Self-Fed Wheat Middlings in Backgrounding Diets for Beef Heifers: Two-year Summary

T.C. Gilbery, G.P. Lardy, M.L. Bauer, B. Kreft, and J. Dhuyvetter


 

Table of Contents


 

Summary


A study was conducted at CGREC over two winters to evaluate self-fed wheat middlings for backgrounding heifers. In the first year, wheat middlings were offered in: 1) totally mixed ration and 2) self-fed wheat middlings and self-fed chopped grass hay. In the second year, baled grass hay was substituted for the chopped hay. Performance data was collected both years to determine dry matter intake, average daily gain, and feed efficiency of the two dietary treatments. Cattle on self-fed wheat middlings had similar average daily gain, feed intake, and feed efficiency compared to those on wheat middlings fed in a totally mixed ration.



Materials and Methods


Year One: One hundred seventy-one crossbred heifers (621.8 + 72.7 lb initial body weight) were used in a backgrounding study from January to March 2000 to evaluate self-fed vs. mixed diets (totally mixed ration) containing wheat middlings. The totally mixed ration contained 48.25% grass hay, 48.25% wheat middlings, and 3.5% supplement (dry matter basis). The self-fed diet consisted of ad libitum chopped grass hay fed in a fence line bunk and self-fed wheat middlings. The self-fed wheat middlings were fed in a portable creep feeder and contained 93.24% wheat middlings, and 6.76% supplement (dry matter basis). Crude protein concentrations of the feedstuffs were grass hay, 7.82%; wheat middlings, 18.33%; and supplement, 9.86% (dry matter basis). Both diets were formulated to provide adequate calcium to maintain a Ca: P ratio of 1.5:1. Cattle were weighed every 28 days. Feed ingredients were sampled weekly throughout the trial. Daily records of feed offered were recorded.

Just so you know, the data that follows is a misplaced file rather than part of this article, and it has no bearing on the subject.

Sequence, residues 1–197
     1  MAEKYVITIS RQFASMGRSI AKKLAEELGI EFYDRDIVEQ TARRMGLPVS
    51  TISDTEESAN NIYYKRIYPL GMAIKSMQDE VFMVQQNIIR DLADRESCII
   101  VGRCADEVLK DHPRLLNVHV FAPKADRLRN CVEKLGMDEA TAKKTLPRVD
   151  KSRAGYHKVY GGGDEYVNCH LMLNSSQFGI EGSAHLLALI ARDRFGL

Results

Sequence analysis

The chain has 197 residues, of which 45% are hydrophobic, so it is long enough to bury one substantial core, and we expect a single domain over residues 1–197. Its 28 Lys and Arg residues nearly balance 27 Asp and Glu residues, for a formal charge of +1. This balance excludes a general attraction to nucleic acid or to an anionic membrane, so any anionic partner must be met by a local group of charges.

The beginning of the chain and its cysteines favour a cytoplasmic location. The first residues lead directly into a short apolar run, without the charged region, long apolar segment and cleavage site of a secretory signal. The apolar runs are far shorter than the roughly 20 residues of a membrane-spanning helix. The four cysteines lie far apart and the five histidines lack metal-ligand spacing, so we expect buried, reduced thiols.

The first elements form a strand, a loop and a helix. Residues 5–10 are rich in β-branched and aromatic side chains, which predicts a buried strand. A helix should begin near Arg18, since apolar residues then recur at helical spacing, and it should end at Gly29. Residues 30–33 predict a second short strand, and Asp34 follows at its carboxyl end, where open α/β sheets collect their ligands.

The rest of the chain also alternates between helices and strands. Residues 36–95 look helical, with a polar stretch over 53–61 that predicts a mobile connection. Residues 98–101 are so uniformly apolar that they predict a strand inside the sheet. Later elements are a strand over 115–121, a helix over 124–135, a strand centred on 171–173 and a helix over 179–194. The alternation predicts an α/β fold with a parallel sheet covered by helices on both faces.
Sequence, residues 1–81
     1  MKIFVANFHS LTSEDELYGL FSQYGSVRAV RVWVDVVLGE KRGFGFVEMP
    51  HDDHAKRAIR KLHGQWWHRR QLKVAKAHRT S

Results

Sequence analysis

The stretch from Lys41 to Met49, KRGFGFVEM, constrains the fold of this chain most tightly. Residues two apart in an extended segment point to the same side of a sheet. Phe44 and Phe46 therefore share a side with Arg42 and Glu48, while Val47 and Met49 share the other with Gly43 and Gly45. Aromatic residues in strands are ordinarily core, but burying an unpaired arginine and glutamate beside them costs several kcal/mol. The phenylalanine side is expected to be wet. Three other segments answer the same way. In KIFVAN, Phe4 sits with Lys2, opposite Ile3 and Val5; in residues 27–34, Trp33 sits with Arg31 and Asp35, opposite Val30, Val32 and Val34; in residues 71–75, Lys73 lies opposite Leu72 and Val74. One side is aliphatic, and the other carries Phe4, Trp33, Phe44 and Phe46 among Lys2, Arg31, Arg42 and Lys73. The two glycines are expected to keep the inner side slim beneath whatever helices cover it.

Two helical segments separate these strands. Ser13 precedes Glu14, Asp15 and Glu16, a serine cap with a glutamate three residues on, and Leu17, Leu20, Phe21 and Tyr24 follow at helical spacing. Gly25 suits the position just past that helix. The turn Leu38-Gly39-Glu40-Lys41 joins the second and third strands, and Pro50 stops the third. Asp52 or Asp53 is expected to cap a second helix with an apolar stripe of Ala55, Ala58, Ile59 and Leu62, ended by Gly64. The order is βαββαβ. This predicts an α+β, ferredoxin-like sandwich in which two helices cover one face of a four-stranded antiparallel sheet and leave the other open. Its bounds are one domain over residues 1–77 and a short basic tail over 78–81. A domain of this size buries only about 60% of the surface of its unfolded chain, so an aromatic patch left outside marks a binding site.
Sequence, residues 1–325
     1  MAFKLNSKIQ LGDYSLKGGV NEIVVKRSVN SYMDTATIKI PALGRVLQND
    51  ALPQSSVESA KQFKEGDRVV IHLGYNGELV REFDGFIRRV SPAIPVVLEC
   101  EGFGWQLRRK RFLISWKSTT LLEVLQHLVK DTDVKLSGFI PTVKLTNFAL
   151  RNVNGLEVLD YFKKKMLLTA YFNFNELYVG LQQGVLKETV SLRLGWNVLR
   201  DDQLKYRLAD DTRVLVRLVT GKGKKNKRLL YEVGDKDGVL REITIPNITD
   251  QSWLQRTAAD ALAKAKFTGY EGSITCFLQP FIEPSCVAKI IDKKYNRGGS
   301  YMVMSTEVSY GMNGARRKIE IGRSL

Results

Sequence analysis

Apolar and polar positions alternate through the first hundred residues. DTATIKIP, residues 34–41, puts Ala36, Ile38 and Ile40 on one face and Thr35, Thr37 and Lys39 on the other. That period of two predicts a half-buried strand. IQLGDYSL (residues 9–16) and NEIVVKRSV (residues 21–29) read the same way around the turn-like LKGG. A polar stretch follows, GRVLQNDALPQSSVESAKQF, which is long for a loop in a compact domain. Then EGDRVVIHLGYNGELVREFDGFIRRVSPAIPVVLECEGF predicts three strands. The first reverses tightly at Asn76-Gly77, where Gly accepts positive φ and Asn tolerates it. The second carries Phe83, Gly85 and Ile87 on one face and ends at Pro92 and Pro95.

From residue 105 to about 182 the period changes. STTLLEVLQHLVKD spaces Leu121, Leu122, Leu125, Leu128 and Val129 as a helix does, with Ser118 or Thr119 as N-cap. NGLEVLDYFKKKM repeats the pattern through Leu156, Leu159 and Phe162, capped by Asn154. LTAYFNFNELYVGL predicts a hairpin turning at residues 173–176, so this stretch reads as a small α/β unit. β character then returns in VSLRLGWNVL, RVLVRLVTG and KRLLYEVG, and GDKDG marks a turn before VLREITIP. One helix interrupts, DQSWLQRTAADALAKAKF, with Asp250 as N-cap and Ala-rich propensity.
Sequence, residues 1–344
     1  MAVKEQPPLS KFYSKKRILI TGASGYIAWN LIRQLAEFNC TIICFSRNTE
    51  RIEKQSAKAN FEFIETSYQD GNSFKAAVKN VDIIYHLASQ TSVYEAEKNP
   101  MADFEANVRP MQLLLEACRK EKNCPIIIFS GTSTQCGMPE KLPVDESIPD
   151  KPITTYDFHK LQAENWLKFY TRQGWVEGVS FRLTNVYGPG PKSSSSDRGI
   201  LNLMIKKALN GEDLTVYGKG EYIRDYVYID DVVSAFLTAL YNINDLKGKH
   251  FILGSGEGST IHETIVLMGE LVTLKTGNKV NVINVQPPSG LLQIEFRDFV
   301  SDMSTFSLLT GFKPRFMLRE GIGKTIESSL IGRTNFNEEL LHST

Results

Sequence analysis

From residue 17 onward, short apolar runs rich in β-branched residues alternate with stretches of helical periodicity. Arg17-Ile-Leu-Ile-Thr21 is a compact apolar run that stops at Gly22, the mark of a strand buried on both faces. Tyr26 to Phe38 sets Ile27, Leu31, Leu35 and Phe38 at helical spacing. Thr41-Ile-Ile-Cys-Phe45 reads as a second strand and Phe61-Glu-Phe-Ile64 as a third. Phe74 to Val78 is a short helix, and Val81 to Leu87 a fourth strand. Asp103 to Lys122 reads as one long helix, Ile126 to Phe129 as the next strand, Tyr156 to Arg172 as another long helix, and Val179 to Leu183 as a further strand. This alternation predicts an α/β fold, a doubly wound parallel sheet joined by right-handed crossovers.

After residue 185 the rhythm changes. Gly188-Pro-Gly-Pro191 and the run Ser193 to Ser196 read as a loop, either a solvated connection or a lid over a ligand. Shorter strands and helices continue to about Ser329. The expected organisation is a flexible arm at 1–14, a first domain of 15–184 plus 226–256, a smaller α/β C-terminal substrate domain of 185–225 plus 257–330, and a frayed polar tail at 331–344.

Year Two: One hundred two crossbred heifers (735.8 + 86.2 lb. initial body weight) were placed on a 73-day backgrounding study beginning in January 2001 to evaluate self-fed vs. mixed diets (totally mixed ration) containing wheat middlings. The totally mixed ration contained 48.25% grass hay,

48.25% wheat middlings, and 3.5% supplement (dry matter basis). The self-fed diet consisted of ad libitum grass hay fed as round bales in a bale feeder and self-fed wheat middlings offered in a portable creep feeder. The self-fed middlings contained, 93.24% wheat middlings, and 6.76% supplement (dry matter basis). Both diets were formulated to provide adequate calcium to maintain a Ca: P ratio of 1.5:1. Cattle were weighed on the first and final day of the trial. Daily records of feed offered were recorded; feed refused was collected and weighed as needed. Performance data was analyzed using the GLM procedure of SAS.



Results and Discussion


Year One: No significant difference was seen between treatments for: intake (18.8 + 0.4 lb; P = 0.78), feed efficiency (0.098 + 0.004 lb; P = 0.64), average daily gain (1.8 + 0.1 lb; P = 0.47), and hay consumption (9.40 + 0.27 lb; P = 0.51). Wheat middlings consumption was higher for totally mixed ration vs. self-fed diet (9.44 vs. 8.58 lb; P = 0.01). Feed intake for the two diets was similar. Feeding these rations with the same ingredients at comparable levels yielded feed efficiencies and ADG that were similar as well (Table 1).